I hope to have more to say about this in future posts, but I’ll begin by discussing 527s and other entities not officially linked to or licensed by candidates as paratexts. Or perhaps the post is about paratexts as 527s. Read more…
I see McCain as likely to be able to count on endorsements from Lucille Bluth; Boss Hog; Dr. Bob Kelso; Dwight Shrute, Angela Martin, and Andy Bernard; Victor Newman; Daniel Linderman; Eric Cartman; and Statler and Waldorf.
Maybe not so keen on McCain, but brought in by Palin are Michael Scott, Borat, Denny Crane, and the one person who will always find something positive about something horrific, Paula Abdul.
Jessica Fletcher was swayed by Joe Biden.
John Lockeâ€™s in it for Bob Barr.
Tobias Funke is all about Ralph Nader.
And I see Lester Freeman, Kermit the Frog, and Lisa Simpson as Obama voters.
Joking aside, how does Roseanne Conner vote? If Andy Griffith can pack a punch like few other than Ralph Stanley, Roseanne and Danâ€™s endorsement could be a neat one.
Yet another celeb endorsement video using the actors’ characters as the centerpiece. In the midst of the McCain campaign’s insistence that Obama isn’t like you, isn’t a “real American,” isn’t from a “pro-American” part of the country, etc., there’s particular extratextual power at work here. First, surely if Palin and McCain think that anywhere’s the “real America,” it’s Mayberry, and so Andy Griffith and Ron Howard hail their simple, decent, smalltown folk characters’ images to endorse Obama. Then Howard channels Richie Cunningham from the ultra-schmaltzy Happy Days, a show straight from the nostalgia zone, full of teens who come home before curfews and rebels as unrebellious as The Fonz.
I find it interesting that it’s the pro-Obama side that’s calling up images of the all-white sitcom (supposed) wonderland. As amusing as the clip is (and as surprised as I was to see Griffith endorse Obama), I find it a little worrisome that the strategy aims to make Obama seem safe by surrounding him with these images of white small town nostalgia. It’s a little too close to the insistence that Obama is not a Muslim — ideally, just as I’d love to hear more of a defence of Muslims as real Americans who aren’t all hell-bent on destruction and spousal abuse, rather than a quick “no m’am, no m’am, he’s a decent family man,” I’d rather that we fight for the image of a diverse, open America that I think Obama represents, rather than surrender to the Mayberry model (cf. Pleasantville). I’m not blind to the rationale behind the strategy, or to its tactical importance when it’s the independents and undecideds who are left, but I’d rather see and herald a Lt. Cedric Daniels, Sergeant Carver, and Detective Freeman for Obama PSA.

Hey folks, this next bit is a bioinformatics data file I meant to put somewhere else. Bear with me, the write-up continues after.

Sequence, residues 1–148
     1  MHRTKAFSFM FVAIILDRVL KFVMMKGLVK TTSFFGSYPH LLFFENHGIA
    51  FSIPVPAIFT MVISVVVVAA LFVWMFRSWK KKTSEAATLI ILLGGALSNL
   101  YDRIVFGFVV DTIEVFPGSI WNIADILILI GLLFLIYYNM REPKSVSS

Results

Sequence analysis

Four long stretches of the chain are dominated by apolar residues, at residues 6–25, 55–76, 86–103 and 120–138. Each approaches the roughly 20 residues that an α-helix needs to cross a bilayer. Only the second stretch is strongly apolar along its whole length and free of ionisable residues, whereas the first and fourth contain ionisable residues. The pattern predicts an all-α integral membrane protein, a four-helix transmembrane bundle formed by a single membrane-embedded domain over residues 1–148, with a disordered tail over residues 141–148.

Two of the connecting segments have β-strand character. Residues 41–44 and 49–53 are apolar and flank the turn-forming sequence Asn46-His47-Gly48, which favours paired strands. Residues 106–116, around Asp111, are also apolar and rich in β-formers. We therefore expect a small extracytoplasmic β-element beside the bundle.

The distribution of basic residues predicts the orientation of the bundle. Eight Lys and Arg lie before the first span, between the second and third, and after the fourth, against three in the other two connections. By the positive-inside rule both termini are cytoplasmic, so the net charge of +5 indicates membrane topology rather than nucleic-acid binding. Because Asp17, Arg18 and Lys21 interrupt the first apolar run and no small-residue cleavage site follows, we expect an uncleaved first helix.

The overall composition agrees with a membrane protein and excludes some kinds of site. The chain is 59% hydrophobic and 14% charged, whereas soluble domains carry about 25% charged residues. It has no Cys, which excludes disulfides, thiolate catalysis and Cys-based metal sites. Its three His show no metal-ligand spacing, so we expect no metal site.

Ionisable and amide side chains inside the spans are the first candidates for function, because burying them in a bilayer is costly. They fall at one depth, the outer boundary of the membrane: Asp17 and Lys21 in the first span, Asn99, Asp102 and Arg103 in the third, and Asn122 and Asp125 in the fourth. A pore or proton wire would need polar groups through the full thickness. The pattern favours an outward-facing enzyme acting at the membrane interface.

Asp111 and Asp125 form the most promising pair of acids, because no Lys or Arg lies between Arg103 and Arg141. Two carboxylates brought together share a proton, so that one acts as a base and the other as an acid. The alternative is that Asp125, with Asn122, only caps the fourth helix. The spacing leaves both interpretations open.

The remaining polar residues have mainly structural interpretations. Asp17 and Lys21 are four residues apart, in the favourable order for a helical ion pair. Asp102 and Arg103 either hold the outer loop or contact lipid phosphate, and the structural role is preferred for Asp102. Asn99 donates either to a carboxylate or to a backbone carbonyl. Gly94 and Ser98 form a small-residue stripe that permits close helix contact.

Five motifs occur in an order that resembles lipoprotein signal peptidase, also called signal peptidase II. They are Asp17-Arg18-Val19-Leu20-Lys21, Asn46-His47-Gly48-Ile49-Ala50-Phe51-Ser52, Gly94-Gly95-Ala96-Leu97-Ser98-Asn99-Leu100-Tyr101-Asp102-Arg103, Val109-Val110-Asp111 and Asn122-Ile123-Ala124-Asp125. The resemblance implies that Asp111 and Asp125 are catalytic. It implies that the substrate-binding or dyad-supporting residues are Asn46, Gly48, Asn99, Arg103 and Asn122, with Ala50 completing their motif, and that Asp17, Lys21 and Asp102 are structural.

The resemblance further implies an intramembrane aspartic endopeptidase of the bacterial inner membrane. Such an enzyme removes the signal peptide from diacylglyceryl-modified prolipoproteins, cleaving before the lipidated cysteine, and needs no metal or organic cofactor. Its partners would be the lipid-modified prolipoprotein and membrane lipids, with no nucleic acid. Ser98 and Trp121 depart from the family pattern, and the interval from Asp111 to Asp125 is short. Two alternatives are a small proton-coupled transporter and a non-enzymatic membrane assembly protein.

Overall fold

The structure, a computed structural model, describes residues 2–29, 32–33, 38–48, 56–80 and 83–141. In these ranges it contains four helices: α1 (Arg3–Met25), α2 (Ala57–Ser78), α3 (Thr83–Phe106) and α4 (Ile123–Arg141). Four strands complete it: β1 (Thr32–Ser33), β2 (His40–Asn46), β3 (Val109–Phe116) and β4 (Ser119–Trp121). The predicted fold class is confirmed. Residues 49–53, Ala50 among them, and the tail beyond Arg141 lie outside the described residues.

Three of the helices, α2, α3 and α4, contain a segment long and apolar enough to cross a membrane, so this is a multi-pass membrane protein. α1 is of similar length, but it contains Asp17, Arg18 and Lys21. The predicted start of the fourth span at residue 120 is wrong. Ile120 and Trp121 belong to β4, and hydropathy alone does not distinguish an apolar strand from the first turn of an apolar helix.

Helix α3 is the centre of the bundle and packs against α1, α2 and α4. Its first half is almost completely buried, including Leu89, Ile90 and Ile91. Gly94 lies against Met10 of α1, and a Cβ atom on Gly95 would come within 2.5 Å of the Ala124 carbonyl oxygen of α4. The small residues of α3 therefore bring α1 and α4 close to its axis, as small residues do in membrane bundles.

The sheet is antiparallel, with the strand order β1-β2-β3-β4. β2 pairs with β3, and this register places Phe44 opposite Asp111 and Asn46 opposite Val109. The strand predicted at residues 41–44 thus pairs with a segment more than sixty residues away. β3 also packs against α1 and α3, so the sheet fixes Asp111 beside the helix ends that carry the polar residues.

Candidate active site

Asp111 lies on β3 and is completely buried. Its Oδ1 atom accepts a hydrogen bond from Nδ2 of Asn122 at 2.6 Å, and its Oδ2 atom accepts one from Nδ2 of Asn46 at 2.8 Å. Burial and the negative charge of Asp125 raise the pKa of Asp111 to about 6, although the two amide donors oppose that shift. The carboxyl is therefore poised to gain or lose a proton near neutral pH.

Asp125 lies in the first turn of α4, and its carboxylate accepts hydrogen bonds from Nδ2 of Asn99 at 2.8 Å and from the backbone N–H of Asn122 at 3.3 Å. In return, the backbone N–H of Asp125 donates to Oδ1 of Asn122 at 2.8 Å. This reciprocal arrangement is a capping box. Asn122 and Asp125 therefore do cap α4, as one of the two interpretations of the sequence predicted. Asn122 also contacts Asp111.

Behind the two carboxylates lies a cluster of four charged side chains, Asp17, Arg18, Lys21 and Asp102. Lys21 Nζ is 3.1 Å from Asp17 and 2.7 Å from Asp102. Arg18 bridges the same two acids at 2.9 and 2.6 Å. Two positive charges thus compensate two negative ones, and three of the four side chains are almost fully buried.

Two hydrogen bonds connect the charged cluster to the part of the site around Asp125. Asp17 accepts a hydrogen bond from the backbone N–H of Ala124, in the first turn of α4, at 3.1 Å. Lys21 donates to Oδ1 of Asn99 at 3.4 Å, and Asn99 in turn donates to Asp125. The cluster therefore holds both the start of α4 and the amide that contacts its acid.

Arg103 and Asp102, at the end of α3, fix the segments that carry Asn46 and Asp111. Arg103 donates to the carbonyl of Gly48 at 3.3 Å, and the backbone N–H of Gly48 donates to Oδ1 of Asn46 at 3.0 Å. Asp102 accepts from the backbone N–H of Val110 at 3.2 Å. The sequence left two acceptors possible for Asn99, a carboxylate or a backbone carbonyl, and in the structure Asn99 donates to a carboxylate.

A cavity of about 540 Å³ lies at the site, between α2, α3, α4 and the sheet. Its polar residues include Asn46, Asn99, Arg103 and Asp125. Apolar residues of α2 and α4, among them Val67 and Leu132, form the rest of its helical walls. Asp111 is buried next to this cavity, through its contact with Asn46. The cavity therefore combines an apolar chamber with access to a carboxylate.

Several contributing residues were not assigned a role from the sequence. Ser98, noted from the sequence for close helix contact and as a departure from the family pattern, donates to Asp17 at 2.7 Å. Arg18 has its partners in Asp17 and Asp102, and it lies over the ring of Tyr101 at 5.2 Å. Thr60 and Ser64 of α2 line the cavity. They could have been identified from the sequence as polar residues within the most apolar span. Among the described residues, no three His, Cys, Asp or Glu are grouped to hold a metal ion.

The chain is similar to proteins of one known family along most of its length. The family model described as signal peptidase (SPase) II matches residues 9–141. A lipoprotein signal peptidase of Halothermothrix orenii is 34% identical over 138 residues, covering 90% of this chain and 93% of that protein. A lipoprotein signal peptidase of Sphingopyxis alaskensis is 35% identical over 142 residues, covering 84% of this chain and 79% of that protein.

Iâ€™ve been amused by two recent political ads, one including Gossip Girl stars/adverbs Blake Lively (Serena) and Penn Badgely (Dan), and the other with Heroesâ€™ Hayden Pannetiere. Celebrities making political appeals is hardly anything new, but both ads play quite cleverly off the shows and the characters to aid their cause.
Lively and Badgelyâ€™s ad mocks the â€œtalk to your kids about drugsâ€ PSAs by imploring young viewers to talk to their parents about voting McCain. Lively and Badgely are Gossip Girlâ€™s resident good kids (well, as good as one could be in that show, I guess), and their make-believe school suffers from substance abuse aplenty. Thus, one can imagine them to be called upon to deliver the â€œdonâ€™t do drugsâ€ message; instead, a more sinister behavior concerns them â€“ voting McCain. One could imagine a more conflicted ad if the stars were replaced with Gossip Girlâ€™s resident bad kids, Leighton Meester (Blair) and Ed Westwick (Chuck).
Hayden Pannetiereâ€™s piece also plays with her character. In Heroes, sheâ€™s invincible, and fighting to save the world. Moreover, as anyone aware of this thing called â€œpopular cultureâ€ knows, Heroesâ€™ catch-phrase in Season One was â€œSave the Cheerleader, Save the World,â€ and Pannetiere was the cheerleader in question. So, when she warns of how â€œweâ€™ll all probably die,â€ thereâ€™s a (playful) added level of horror, as if the only thing worse than Sylar, Adam, or another Ali Larter character is McCain.
I realize now that my last post was also about stars using their characters to add weight to a political message. And, of course, the obvious other example is Martin Sheen, who got many years worth of political rallies and stump speeches out of being the beloved Jed Bartlet. All are interesting examples of how to use oneâ€™s stardom as para/inter/extratext.
Many a blog on my feed reader has something on this inspired, campy would-be pro-McCain viral video (see here particularly). Chuck Tryon, at his (fantastic) blog, The Chutry Experiment, has long been discussing YouTube candidate videos, and noting the lack of pro-McCain videos he has continually asked readers to point him towards one, and now here it is, in all its awful yet spectacular glory.